1. Different plots engage the same question/issue.
One of the most prevalent issues in the Harry Potter series is the issue of prejudice. Audiences first encounter it through the Dursleys and their treatment of Harry. Because of Harry’s magical parentage, the Dursleys malign and mistreat Harry. Ironically Harry’s other main antagonists, Voldemort and his followers also begrudge Harry because of his heritage, but in their case they feel that he is “not magical enough”, since he is born of a muggle born wizard (his mother).
1. Isolating the story to a single location.
Most of the time this amounts to isolating or trapping multiple characters in a single location, which was already covered in Characters #3, focusing on characters in the same location.
1. One conflict/resolution leads to another.
In Harry Potter, particularly books 1 & 2, the overarching conflict is unraveling a mystery, (What is hidden in the castle? Who opened the Chamber?). Within this larger conflict, the characters engage and complete numerous smaller steps, some planned, while others are unexpected. As they progress, each resolution leads to the next step in the plot.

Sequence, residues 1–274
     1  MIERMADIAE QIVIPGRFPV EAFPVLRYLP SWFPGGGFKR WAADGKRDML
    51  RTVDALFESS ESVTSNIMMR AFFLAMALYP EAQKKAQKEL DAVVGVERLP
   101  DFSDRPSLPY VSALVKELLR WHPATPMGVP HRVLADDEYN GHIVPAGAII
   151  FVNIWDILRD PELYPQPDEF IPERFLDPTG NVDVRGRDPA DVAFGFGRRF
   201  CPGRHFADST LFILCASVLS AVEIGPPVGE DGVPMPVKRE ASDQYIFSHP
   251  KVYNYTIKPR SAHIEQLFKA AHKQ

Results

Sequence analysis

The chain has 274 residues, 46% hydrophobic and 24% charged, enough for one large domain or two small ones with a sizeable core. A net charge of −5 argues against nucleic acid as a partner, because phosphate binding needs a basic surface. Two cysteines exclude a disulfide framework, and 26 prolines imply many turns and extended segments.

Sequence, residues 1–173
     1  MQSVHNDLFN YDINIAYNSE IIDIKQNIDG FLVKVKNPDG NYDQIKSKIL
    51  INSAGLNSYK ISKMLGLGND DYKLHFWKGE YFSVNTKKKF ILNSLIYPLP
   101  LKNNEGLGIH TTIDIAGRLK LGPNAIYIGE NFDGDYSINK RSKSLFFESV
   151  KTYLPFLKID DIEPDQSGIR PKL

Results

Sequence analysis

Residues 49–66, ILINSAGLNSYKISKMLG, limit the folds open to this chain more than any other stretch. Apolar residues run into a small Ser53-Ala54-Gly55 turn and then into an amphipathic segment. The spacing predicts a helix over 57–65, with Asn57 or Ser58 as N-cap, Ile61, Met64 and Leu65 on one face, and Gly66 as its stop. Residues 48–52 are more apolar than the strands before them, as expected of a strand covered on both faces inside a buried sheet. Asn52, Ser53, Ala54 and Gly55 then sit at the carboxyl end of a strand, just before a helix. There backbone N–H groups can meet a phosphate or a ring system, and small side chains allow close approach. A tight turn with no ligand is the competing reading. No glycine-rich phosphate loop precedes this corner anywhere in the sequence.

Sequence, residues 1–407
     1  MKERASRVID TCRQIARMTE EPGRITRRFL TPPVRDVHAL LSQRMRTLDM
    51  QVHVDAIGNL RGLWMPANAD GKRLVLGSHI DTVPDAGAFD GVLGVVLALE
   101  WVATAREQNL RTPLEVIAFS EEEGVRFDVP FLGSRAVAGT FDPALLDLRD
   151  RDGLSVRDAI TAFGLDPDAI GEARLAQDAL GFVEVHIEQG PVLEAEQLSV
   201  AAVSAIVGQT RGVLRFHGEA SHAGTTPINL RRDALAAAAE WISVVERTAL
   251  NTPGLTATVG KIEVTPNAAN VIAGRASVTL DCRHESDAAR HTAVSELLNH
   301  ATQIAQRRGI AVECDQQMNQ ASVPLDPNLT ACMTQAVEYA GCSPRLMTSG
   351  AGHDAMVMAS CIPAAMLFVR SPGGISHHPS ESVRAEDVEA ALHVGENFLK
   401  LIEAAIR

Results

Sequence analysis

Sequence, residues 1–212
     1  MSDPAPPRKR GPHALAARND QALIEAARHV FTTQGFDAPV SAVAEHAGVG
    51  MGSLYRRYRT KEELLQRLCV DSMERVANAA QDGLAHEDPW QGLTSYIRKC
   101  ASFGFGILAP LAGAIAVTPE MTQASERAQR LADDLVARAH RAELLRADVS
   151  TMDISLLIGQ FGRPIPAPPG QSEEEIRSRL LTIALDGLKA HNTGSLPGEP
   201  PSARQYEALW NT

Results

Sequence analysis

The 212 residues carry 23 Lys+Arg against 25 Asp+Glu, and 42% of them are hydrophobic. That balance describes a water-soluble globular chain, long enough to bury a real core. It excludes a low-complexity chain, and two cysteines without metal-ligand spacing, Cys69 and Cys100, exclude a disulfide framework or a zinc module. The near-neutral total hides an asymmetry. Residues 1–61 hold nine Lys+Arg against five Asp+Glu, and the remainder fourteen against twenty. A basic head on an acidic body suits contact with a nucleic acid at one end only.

Some stories are told from a single perspective, in a single location, over a short span of time (for example, Emperor’s Soul by Brandon Sanderson), but in general, the longer a story is, the more complex it becomes. Most novels feature between 2 and 6 different point of view characters, each with their own cast of supporting characters. They engage multiple narrative threads, spanning a wide range of locations and moments in time.